Note that the start_priority: setting only matters when you have multiple modes that are set to start on the same event.


One or more sub-entries, either as a list of events, or key/value pairs of event names and delay times. (See the Device Control Events documentation for details on how to enter settings here.

Default: None

Events in this list, when posted, cause the mode to stop which will remove itself from the list of active modes. All of the things you configured in this mode’s config file will be unloaded. (i.e. slides and shows won’t play, scoring and shot events are removed, etc.)

In the skillshot mode from the example above, there are two stop_events:. The first entry is the event that’s posted when a timer called “mode_timer” is complete. (In this case this is a timed mode, so when that timer expires, the mode ends.) The second event is when the skillshot is made (the right ramp) in this case. (This is because once the skillshot is made, you want to remove this mode.)

If a mode is stopped and another one of the stop_events is posted, that’s ok. The mode will remain stopped.


Single value, type: boolean (Yes/No or True/False). Default: True

The default behavior for modes in MPF is that they’re automatically stopped when the ball ends. Some modes (like the built-in game and credit modes) need to stay running even when the ball ends, so to support that you can add stop_on_ball_end: false.

Another use of this option is to retain each player’s progress towards the mode’s completion after draining a ball; allowing the player to start where they left off in the mode on the next ball. To retain the mode, you can use stop_on_ball_end: false to keep the state of the mode for each player between balls.

However, it is very likely that a mode will be left unfinished (open) after the final ball, causing MPF to shutdown unexpectedly. You will get an error similar to this:

AssertionError('Mode terra_2 is not supposed to run outside of game.',)

To avoid this unexpected crash of MPF, add game_ending to the stop_events:

   start_events: mode_terra_2_start
   stop_events: mode_complete, game_ending
   stop_on_ball_end: false


Single value, type: integer. Default: 0

Control the order that modes stop.

By default, modes register their stop handlers at the level the mode is operating plus one. (Why +1? Because if you have one mode set to stop at an event and another mode set to start on the same event, automatically adding +1 to the stop event handler guarantees that the old mode will stop before the new mode starts.)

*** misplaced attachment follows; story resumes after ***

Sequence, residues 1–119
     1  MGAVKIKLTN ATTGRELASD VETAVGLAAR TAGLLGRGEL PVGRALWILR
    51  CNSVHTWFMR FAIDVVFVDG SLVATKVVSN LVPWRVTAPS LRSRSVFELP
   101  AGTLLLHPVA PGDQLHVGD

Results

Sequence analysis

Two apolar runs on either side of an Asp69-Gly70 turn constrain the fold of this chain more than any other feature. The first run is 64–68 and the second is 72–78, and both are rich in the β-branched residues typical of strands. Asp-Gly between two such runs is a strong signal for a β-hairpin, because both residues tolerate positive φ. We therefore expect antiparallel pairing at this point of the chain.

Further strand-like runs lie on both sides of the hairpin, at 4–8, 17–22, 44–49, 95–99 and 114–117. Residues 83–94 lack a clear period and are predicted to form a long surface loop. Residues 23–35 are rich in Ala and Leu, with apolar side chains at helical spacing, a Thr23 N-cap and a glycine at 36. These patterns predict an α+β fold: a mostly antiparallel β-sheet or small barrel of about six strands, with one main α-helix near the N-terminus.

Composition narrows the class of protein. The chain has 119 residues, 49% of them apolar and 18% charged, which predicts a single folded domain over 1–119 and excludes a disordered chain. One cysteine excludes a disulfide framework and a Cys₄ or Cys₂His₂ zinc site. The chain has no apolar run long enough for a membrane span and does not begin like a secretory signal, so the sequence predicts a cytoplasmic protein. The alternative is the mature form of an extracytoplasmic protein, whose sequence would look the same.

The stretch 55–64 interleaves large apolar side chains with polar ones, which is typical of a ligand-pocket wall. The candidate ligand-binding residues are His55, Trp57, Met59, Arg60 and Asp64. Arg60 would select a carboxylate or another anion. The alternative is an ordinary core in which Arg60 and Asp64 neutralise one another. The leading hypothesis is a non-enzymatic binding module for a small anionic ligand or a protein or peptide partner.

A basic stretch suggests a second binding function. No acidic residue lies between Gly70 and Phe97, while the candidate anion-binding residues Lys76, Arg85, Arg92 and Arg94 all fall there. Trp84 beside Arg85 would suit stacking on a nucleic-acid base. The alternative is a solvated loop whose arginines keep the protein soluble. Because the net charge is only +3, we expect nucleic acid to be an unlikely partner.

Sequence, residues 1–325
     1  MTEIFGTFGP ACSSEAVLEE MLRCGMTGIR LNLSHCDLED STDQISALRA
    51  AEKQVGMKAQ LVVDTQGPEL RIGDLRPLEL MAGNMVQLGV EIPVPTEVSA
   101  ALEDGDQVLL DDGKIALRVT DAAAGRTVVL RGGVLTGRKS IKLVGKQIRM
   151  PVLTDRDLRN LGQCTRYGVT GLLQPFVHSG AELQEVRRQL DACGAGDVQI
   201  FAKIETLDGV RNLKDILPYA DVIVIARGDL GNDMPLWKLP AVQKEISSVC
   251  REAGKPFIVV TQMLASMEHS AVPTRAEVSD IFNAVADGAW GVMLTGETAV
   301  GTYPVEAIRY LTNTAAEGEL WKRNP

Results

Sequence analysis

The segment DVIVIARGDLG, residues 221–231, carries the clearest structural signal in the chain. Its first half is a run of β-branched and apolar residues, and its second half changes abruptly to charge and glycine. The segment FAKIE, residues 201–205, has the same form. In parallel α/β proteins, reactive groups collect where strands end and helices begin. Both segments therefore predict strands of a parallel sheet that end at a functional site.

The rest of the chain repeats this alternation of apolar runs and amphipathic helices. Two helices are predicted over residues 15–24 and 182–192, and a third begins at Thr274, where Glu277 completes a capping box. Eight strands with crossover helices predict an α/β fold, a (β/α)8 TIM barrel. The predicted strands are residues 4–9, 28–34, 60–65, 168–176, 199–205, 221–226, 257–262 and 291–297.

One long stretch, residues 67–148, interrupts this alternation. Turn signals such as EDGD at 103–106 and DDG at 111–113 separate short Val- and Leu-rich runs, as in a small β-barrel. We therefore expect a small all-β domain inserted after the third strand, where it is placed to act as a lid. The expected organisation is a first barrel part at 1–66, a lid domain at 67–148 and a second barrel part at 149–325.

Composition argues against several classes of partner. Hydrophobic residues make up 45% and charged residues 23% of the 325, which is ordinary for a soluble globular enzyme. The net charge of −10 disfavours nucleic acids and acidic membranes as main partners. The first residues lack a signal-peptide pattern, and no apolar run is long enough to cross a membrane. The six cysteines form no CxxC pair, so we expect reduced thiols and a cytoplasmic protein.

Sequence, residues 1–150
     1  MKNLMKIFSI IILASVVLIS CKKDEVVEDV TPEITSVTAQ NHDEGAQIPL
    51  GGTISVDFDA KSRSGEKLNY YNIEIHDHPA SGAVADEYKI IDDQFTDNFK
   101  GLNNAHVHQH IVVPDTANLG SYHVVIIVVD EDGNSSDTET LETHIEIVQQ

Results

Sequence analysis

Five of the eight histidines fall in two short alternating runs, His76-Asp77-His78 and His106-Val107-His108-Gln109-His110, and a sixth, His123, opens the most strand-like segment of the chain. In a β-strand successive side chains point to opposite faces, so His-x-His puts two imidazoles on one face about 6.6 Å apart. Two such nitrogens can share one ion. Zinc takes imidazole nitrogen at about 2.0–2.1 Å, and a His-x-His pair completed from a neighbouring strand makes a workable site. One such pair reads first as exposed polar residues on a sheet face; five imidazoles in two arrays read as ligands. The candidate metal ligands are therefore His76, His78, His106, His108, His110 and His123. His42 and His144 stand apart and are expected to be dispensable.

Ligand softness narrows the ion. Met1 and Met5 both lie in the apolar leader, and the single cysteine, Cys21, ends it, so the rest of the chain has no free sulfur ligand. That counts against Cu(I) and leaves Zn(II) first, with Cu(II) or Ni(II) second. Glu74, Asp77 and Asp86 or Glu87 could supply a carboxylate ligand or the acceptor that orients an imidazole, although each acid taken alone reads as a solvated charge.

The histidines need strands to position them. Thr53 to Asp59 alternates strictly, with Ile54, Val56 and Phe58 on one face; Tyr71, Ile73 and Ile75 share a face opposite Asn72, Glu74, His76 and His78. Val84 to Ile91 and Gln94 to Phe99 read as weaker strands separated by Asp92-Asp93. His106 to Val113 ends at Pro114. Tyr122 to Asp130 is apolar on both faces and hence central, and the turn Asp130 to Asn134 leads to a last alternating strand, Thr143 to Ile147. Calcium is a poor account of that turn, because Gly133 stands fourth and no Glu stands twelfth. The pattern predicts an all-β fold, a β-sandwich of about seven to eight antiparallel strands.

If you add stop priority, it’s relative and added on top of the priority of the mode plus the +1. So if you have one mode you want to stop before another mode, you can simply add stop_priority: 1 to that mode, and if other modes don’t have a stop_priority set then they’ll stop after it. (A higher number means that mode stops first.)

If you have a mode you want to stop last, then don’t enter a stop_priority for it but enter stop_priority: 1 for all the other modes you want to stop first. You can add different stop_priority values for different modes, and they will all stop in order, highest numeric value to lowest. Note that the stop_priority setting only matters when you have multiple modes that are set to end on the same stop_event.


Single value, type: boolean (Yes/No or True/False). Default: False

Specifies whether this mode should “pause” the flow of MPF while this mode is running. This only works if the mode is started via a “queue” event (something like ball_ending, game_ending, etc.). When set to true, game flow will be halted as long as this mode is running. Game flow proceeds when this mode ends.

This is useful for things like bonus modes where you want the mode to finish before the game flow moves on with the next player’s turn, or modes like match or high score entry where you want those to finish before the attract mode starts again.


New in version 0.32.